Linehaul: An Insider’s Perspective
What is linehaul? Go behind the wheel to gain an insider’s perspective in the linehaul freight process and how it helps businesses across Australia.
At Aussiefast, we define Linehaul as the transportation of freight over long distances, usually interstate, within Australia.
Linehaul is only one component of the delivery process, but it is one of the most important and complex components.
We offer two main types of linehaul at Aussiefast: full load and door-to-door depot freight linehaul.
As the name suggests, full load linehaul refers to a service provided by Aussiefast where a client requests delivery of a full semi-trailer or B-Double.
This service requires a Linehaul vehicle to pick up freight from a specific location and transport the freight direct to a specific delivery location. With full load Linehaul the client is provided with designated trailers to load as few or as many pallets as they like (within legal limits of course) and have their freight delivered direct to the receiving location with no depots in between.
In addition to use of designated trailers, the benefits of full load linehaul include a choice of general or express service, a broad spectrum of pick up/deliery locations and cost savings.
Another great benefit of full load Linehaul with Aussiefast is we provide this service to and from any location in Australia. This comes down to our ability to deliver anything, to any destination, at any time.
We also provide a door-to-door depot freight service.
With this service, small to medium quantities of pallet freight or skids are transported by our local fleet from the pickup location to our depot. These consignments are then collated and loaded onto a linehaul vehicle destined for a specific state where the freight will then be unloaded at another of our depots and delivered to the receiving location by local vehicles.
Because it allows them to share a vehicle with other businesses with very similar delivery requirements, our door-to-door depot freight linehaul service is a cost-efficient alternative to full load linehaul for clients who only need to transport smaller quantities of pallets.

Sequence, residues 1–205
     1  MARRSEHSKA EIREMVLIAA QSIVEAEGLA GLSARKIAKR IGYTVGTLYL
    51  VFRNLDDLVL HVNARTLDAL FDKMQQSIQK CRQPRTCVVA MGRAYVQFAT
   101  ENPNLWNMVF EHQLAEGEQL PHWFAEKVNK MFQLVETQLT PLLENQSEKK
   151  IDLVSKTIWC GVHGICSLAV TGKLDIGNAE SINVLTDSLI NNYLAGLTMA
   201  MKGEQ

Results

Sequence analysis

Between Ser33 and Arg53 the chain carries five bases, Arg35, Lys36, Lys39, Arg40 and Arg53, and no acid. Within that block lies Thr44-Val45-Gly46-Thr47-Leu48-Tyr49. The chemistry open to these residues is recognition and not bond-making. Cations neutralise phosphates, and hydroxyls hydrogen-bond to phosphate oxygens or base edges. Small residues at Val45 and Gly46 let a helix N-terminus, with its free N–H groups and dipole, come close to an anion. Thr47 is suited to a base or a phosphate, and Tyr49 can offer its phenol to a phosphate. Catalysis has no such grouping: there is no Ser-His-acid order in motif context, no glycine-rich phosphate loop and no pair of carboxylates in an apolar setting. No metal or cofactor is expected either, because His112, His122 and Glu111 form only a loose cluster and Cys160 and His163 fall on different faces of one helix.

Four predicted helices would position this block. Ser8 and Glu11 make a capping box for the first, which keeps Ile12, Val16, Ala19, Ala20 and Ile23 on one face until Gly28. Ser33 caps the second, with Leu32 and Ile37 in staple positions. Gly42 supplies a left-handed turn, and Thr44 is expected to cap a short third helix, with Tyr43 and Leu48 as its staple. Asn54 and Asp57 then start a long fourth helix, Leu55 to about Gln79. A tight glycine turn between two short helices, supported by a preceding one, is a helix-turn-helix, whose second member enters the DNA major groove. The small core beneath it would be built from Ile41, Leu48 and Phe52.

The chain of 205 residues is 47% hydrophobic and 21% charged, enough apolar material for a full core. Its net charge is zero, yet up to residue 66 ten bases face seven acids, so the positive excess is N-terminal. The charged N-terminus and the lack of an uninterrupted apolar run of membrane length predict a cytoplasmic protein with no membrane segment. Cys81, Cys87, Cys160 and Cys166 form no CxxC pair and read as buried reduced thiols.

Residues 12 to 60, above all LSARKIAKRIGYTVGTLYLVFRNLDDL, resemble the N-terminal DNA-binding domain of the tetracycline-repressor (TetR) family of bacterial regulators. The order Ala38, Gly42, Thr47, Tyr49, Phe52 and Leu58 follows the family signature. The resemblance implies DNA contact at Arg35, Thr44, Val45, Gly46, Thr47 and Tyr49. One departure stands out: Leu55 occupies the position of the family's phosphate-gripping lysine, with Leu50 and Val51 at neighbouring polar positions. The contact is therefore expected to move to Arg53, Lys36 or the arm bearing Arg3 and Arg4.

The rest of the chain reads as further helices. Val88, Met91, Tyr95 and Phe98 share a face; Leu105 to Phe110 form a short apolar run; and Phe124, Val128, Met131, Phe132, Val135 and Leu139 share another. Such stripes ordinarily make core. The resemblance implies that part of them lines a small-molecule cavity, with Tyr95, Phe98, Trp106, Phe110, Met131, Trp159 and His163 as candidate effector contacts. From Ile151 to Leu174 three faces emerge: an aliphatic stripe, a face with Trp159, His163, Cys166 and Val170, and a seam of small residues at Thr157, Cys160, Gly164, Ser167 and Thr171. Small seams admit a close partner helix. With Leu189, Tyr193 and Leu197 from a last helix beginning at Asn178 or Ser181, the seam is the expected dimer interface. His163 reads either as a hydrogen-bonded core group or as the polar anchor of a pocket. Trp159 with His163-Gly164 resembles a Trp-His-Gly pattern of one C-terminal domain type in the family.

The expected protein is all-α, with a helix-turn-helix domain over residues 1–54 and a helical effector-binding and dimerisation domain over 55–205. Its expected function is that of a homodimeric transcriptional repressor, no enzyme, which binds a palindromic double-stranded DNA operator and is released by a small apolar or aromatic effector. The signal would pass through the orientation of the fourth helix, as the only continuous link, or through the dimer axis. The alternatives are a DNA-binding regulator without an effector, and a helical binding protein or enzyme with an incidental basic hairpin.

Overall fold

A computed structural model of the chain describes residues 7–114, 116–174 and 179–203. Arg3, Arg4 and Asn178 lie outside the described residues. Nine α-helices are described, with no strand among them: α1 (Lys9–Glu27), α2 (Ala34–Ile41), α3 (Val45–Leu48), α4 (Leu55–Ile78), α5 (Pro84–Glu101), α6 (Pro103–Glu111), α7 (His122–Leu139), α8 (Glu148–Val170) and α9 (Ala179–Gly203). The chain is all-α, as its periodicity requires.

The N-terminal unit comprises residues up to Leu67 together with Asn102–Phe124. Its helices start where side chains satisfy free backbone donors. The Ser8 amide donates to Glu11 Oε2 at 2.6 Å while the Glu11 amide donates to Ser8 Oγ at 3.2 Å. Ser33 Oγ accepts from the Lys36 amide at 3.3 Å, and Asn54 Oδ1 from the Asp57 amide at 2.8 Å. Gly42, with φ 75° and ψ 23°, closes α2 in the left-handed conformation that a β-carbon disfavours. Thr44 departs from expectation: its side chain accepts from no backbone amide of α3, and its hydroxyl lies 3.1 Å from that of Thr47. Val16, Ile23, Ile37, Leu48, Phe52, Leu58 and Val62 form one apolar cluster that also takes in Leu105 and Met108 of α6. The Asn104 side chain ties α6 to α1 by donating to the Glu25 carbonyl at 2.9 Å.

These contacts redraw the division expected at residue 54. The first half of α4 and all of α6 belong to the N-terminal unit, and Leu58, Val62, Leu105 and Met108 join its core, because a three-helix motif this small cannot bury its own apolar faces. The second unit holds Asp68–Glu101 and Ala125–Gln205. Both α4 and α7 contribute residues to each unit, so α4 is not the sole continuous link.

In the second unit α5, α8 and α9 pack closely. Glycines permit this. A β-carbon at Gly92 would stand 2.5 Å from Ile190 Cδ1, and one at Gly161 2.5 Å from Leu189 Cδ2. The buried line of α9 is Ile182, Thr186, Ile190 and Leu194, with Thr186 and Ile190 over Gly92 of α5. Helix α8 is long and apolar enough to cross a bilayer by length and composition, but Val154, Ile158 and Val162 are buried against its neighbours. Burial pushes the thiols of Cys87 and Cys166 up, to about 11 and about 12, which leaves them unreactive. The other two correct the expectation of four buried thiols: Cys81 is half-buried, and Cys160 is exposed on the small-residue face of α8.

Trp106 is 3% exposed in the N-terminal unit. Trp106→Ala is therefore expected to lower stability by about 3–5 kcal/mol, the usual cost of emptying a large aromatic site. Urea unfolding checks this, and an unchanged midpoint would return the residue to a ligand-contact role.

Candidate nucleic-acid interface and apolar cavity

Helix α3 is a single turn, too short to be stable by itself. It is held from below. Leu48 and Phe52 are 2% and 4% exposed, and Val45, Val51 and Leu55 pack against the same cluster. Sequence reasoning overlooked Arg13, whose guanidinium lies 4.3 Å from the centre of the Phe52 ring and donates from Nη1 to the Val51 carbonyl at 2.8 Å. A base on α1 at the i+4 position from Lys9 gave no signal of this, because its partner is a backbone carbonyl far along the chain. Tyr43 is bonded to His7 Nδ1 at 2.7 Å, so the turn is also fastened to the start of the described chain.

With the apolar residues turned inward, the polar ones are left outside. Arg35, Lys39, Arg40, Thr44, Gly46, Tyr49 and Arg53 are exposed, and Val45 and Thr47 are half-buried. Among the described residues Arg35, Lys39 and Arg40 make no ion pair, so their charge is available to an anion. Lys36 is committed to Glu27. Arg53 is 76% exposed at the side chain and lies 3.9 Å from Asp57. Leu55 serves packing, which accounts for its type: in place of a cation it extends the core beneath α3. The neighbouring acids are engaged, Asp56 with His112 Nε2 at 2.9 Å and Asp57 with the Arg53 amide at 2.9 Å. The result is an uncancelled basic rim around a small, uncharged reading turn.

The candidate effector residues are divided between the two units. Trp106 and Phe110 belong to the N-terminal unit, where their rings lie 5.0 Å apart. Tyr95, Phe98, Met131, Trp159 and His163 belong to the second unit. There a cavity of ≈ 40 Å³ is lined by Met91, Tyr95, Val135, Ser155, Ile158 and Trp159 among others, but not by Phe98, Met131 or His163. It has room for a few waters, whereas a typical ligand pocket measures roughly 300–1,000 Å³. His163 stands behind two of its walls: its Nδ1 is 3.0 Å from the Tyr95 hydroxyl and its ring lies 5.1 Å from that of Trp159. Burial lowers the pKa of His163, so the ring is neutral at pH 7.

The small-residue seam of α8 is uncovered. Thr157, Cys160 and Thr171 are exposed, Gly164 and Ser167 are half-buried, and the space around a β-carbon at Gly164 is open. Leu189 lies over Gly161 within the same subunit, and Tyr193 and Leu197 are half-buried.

By consolidating freight onto a single Linehaul vehicle, Aussiefast manages the loading and scheduling of the freight to achieve delivery timeframes for all our clients.
Door-to-door depot freight linehaul is also available in express or general service levels, suitable for all businesses regardless of timeframes.
For businesses, the whole process is as straightforward as that. Goods leave one warehouse and arrive in another – generally in another state – soon after. But what does the linehaul process involve from a truck driver’s point of view?
A linehaul driver focuses on one thing: driving goods from point A to point B as safely and efficiently as possible. Because of this focus, linehaul drivers typically don’t load and unload themselves. Drivers begin the delivery process by driving the truck into the warehouse, where specially trained staff load up the truck and then drive out with a full load of goods.
It’s common for linehaul truck drivers to have regular routes, and even recurring runs for regular customers. The advantage is that they know their routes, their roads and the conditions inside out. There won’t be any surprises like low bridges, tunnels, tight corners or roundabouts that could potentially throw them off schedule.
Linehaul drivers also often tend to drive overnight. While this usually means goods can be picked up in the afternoon and delivered the next morning, the big advantage for drivers is fewer motorists who don’t know how to share the road with heavy vehicles.
Despite all the stereotypes, truck drivers are highly trained and extremely safety conscious (plus, linehaul drivers are among the most experienced truck drivers), but trucks require more space for manoeuvring and stopping – which not all other motorists tend to account for when sharing the road.
At the end of their run, linehaul truck drivers will deliver their freight to the destination warehouse, where it is typically unloaded by the receiving warehouse staff who are familiar with the requirements of the freight.